PH: Neutral, Alkaline, or Acid

Flower color: Red

7. Blue Eyed Daisy

Planting a Blue Eyed Daisy is very easy and requires minimal maintenance. They like bright, sunny days with cool nights. They also prefer rich, moist soil. For the best results, space your plants at least nine inches apart. You can use light fertilizers to help them thrive. The first time you plant a Blue Eyed Daisy, be sure to rake up any clumps of grass. Once the first flower appears, wait at least one month before fertilizing.

Planting a Blue Eyed Daisy is very easy

The Blue Eyed Daisy has more than 50 flavors of cupcakes to choose from. It is a favorite in many parts of the world. The colorful flowers have many names, including blue-eyed African daisy, arctotis stoechadifolia, acacia, and lupine. It is not poisonous to humans, though; it only causes respiratory paralysis. Because it’s not native to North America, it can grow in gardens and urban areas.

  • Light: Full sun
  • Hardiness: USDA Hardiness Zone 3-11
  • Height: 25cm-40cm
  • Soil requirements: loamy soil
  • PH: Acidic
  • Flower color: Butter Yellow, Violet

8. Bellis Robella Daisy

The ‘Robella’ variety of daisies is a Gold Medal winner from the European Fleuroselect. The inflorescences of this variety are densely double and are red or pink and grow only a few centimeters long. The flowers bloom from March to June. They are small, five to six centimeters in diameter, and the stems are semi-evergreen, with green foliage. Robella daisies are sometimes mistaken for bella daisies, which are more compact.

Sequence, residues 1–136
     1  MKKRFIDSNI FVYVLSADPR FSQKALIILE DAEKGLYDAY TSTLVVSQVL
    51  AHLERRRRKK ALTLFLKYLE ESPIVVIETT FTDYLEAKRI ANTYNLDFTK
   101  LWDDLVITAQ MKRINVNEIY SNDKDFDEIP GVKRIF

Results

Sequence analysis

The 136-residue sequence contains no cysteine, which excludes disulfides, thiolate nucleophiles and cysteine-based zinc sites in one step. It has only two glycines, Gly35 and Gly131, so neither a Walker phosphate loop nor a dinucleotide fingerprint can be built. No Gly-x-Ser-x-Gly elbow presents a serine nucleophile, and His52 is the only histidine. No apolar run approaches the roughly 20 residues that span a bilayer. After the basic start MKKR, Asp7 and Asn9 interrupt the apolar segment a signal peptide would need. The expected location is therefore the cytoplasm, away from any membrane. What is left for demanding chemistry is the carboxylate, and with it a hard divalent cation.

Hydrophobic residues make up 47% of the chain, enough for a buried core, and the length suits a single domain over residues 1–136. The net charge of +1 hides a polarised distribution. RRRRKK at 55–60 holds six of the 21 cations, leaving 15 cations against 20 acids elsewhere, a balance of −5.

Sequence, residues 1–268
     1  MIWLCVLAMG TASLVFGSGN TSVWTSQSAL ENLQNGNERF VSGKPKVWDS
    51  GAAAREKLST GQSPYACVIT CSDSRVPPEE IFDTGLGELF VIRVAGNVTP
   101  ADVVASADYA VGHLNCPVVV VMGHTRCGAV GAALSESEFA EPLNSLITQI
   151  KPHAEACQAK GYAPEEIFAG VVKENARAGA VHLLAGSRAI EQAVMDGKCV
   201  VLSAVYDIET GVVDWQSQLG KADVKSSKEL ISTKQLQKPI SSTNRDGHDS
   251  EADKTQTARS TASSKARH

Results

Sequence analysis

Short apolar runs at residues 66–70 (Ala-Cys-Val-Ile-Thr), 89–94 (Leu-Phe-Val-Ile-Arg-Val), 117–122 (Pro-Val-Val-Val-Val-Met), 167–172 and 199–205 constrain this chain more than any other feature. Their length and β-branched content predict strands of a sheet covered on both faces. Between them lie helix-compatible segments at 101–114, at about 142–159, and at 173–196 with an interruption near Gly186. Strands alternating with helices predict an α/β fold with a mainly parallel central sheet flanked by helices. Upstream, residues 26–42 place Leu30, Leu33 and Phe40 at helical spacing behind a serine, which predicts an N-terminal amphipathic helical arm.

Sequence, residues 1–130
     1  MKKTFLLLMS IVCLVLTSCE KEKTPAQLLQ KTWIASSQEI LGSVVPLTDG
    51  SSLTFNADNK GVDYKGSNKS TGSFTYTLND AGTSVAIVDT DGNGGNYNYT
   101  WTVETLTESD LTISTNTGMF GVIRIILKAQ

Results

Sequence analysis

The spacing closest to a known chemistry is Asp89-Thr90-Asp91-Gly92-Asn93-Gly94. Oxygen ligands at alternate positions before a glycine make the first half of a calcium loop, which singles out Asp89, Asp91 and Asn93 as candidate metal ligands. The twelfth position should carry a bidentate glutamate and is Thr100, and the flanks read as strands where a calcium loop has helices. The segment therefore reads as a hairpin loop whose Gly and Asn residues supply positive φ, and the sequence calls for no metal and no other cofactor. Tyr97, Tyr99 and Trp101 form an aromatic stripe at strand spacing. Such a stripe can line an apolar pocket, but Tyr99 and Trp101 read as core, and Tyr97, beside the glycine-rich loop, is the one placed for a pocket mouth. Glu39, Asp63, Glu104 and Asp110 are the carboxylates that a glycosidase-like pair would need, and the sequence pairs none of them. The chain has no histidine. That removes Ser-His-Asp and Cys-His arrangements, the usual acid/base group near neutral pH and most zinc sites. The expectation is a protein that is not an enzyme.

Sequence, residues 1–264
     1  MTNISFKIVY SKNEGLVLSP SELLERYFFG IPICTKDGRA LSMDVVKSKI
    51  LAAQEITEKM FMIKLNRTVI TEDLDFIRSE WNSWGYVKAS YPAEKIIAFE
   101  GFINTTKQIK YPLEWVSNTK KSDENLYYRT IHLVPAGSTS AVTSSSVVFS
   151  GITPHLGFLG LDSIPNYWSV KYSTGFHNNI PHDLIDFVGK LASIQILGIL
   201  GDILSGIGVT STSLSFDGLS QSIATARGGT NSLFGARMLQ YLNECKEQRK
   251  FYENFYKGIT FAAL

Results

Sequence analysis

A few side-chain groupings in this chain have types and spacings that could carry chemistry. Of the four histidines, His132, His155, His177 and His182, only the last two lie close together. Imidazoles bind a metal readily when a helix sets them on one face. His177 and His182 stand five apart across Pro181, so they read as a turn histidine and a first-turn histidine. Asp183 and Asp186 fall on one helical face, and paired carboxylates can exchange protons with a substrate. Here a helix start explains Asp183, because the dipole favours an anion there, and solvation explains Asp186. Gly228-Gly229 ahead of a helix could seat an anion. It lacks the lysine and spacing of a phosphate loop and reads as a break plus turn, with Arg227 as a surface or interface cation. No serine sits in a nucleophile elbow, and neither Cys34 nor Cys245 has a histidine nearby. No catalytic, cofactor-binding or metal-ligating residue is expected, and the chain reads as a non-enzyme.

Bellis Robella Daisy

The second year of a daisy’s life begins with a top dressing, applied in early spring. This fertilizer is applied in standardized proportions for each plant. The daisy needs more fertilizer during flowering and throughout the second year of growth. If you are growing a large plant, you can divide it into four to six separate plants. For best results, divide your daisy bush every two to three weeks.

  • Light: Full Sun, Partial Shade
  • Hardiness: USDA Zone 3-9
  • Height: 10-15 cm
  • Soil requirements: Normal, Sandy, Clay
  • PH: Neutral, Alkaline, Acid
  • Flower color: Deep Pink, Salmon

9. Bellis Perennis Monstrosa

The bellis perennis monstrosa, also known as the’monster daisy,’ is a large-flowered variety of Daisy. Its flowers are rosy red and pink and grow on leafless stems that dangle from a spreading mat of semi-evergreen foliage. This annual flower is typically planted in early spring, and it blooms for two or more years.

Bellis Perennis Monstrosa